NEW JERSEY LAWYER

DAILY BRIEFING      11/15/2005


News Briefs

TRENTON’S MAYOR RAILS ABOUT REPEAT OFFENDERS
When Trenton Mayor Douglas H. Palmer does the math, he doesn’t like the results. So Palmer has another answer: What he calls a special gun court to deal with the relatively small number of the city’s criminals who are causing the most serious trouble in the capital city where shootings have become almost a daily occurrence. The Trenton Police Department’s database of violent offenders contained 47 names as of Aug. 8. Yet those people have been arrested a total 573 times, resulting in 106 convictions. The average number of convictions for these offenders is 2.25 from an average 12.19 arrests. Palmer is blaming that on the system, saying that by the time cases get to court, multiple charges are bundled and sentences are plea-bargained down or away. His proposed gun court would handle only the most severe arrests and the judge would be able to get cases quickly to trial, as well as set high bail. Mercer County Prosecutor Joseph L. Bocchini Jr. said that while he disagrees with some of Palmer’s comments, he supports the formation of a gun court. 11-14-05

REED SMITH EXPANDS EUROPEAN PRESENCE WITH PARIS OFFICE
First it was London and the Midlands near Coventry. Then Munich. Now, Reed Smith has opened a Paris office. The firm, which is headquartered in Philadelphia and has offices in Newark and Princeton, is expanding its overseas reach to serve its increasing base of international businesses. “In particular, Paris gives us strong legs to further our banking, pharmaceutical and products work on an international level,” said Gregory B. Jordan, Reed Smith’s managing partner. The firm elected four new French partners and will operate as Reed Smith Rambaud Charot. Two of the new partners are Mathieu Rambaud and Benoit Charot, known as high-profile lawyers in Paris with the firm of Rambaud Martel. Jordan added, “Expansion in Paris is largely driven by the needs of clients in two of Reed Smith’s core practices: life sciences and financial services.” The firm has 1,000 attorneys. 11-14-05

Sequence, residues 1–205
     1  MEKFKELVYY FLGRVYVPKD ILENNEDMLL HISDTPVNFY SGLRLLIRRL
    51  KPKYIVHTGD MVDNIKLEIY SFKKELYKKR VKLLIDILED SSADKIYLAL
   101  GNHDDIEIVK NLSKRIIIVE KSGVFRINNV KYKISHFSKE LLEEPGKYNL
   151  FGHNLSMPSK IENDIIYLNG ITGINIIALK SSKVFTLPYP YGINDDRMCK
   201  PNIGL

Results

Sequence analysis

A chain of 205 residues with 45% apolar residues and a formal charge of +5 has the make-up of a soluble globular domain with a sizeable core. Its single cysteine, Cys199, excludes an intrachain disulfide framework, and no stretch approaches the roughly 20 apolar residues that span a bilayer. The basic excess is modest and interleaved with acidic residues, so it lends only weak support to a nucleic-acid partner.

BLOOMBERG DECRIES N.Y. JUDICIAL-SELECTION PROCESS AS ‘FARCE’
New York Mayor Michael Bloomberg has called the state process of nominating judges a “farce” in which unqualified people can receive judgeships through politics and “shady back-room deals.” The mayor said independent commissions should be established to screen whether judicial candidates are qualified before they can get on the ballot. In an opinion article that appeared in New York’s Daily News, Bloomberg said the method of electing judges “bears more of a resemblance to voting in the Soviet Union than in the United States of America.” He noted nine candidates on the ballot last week were deemed unqualified by most major bar associations. 11-14-05

FLORIDA LAW AGAINST FELON VOTING STANDS